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Steinberg Cubasis 3.2

DAW For iOS & Android By John Walden
Published May 2021

High‑quality pitch correction is now available within Cubasis via the inexpensive Waves Tune Real‑Time Plug‑in IAP.High‑quality pitch correction is now available within Cubasis via the inexpensive Waves Tune Real‑Time Plug‑in IAP.

Steinberg’s mobile DAW just got even better!

If you want a conventional DAW/sequencer experience on your mobile device, Cubasis is difficult to look beyond. Paralleling the improved performance of the iPad over the years, Steinberg have continued to add to the feature set and v3 is a seriously capable recording platform. Steinberg took a bold step in releasing Cubasis for Android last year, but development continues with v3.2. While some of the more exciting additions are iOS only, there are cool new features across the board. So, aside from the usual round of minor polish and fixes, what are the headline additions?

It’s commendable that Steinberg are into the mobile music‑making market for the long haul.

New Tricks

Both iOS and Android now get keyboard and mouse support. This might seem like a somewhat odd addition given that one of the key mobile UI benefits is touch control, but keyboard shortcuts can be an absolute boon and there are certainly some editing tasks that are much easier with a mouse than with a stubby finger. You now have that choice and, on my iPad Pro at least, it works a treat. It’s another interesting step towards unifying the workflow experience between desktop and tablet.

Waves H‑Delay is now also available for Cubasis as part of the Waves plug‑in bundle IAP.Waves H‑Delay is now also available for Cubasis as part of the Waves plug‑in bundle IAP.

For iOS users, the other obvious highlight is a further collaboration between Steinberg and Waves. This adds the excellent H‑Delay plug‑in to the existing Waves plug‑in IAP (making four plug‑ins in total alongside the L1 Ultramaximiser, Q10 Equalizer and Audiotrack (compressor, EQ and gate in a single plug‑in). Existing owners of this IAP get H‑Delay added for free while new users can buy the bundle for £19.99$19.99. Even if you pick the right sale, the desktop version of H‑Delay is around the £30$30 mark; the bundle therefore represents good value, and the iOS implementation of H‑Delay appears identical to the desktop version.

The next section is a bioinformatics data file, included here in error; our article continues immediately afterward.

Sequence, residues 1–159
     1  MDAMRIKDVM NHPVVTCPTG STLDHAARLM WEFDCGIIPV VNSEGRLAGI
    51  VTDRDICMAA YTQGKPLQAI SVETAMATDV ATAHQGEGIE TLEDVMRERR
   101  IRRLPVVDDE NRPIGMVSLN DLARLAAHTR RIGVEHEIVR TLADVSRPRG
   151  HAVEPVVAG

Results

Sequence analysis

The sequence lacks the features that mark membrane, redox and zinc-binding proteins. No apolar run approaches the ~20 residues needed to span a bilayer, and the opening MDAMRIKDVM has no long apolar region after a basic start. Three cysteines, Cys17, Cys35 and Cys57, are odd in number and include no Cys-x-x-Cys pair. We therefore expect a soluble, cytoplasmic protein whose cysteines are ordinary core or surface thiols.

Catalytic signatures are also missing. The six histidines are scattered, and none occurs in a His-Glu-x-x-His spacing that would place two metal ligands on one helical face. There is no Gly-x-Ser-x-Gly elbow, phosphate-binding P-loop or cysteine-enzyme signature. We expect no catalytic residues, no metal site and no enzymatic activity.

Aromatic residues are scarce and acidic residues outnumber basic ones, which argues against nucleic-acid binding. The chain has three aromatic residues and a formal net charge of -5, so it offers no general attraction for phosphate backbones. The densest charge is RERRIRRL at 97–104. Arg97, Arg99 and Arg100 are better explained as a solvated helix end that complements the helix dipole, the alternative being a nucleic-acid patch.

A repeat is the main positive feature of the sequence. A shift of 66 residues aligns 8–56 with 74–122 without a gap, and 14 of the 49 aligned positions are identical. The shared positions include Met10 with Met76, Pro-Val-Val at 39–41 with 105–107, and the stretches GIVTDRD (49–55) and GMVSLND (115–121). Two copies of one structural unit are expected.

iOS users also get a new Waves IAP Plug‑in option: Tune Real‑Time. Mobile music makers have waited a pretty long time for one of the serious desktop pitch‑correction plug‑ins to make it over to iOS, but that wait now looks like it’s over...

That’s not all, though; iOS users also get a new Waves IAP Plug‑in option: Tune Real‑Time [shown in the opening screenshot]. Mobile music makers have waited a pretty long time for one of the serious desktop pitch‑correction plug‑ins to make it over to iOS, but that wait now looks like it’s over and, at a remarkable £4.99$4.99, this is a steal in anyone’s book. OK, so Waves Tune Real‑Time doesn’t quite go as far as desktop pitch‑correction giants like Auto‑Tune or Melodyne, but it is seriously good. As far as I can see, the only feature missing from its desktop parent is the virtual keyboard display so you cannot, for example, create custom scales. However, low latency means you can use it in real time and the controls allow you to go from super‑subtle fine‑tuning through to classic (er, clichéd!) robotic step‑based pitch effects with ease. As a Cubase user, it would be great to see VariAudio make the transition to the Cubasis feature set but, in the meantime, this is a fabulous addition.Further enhancements for iOS users include improved handling of AU instruments and plug‑ins and better support for multicore hardware. Personally, I’ve always found Cubasis to be a smooth user experience, but users of older hardware will welcome being able to squeeze a little more from their device, while owners of more recent iPads ought to see some clear performance benefits.

Conclusion

It’s commendable that Steinberg are into the mobile music‑making market for the long haul. Twenty‑five‑plus years ago, those dipping their toes into the world of multitrack recording did it on a four‑track cassette system; now they are doing it on their phones and tablets. It’s difficult to deny that — on iOS at least — Cubasis would represent a heck of a place to start, nor that it’s powerful enough to let you produce some very sophisticated recordings. The best just got better; Cubasis 3.2 is a free upgrade to existing Cubase 3 users and the new Waves plug‑ins are well worth adding.

Summary

Cubasis continues to deliver an impressive music production environment for mobile music makers. The latest update adds valuable new features, especially for iOS users.

Information

£48.99 including VAT.

www.steinberg.net

Published May 2021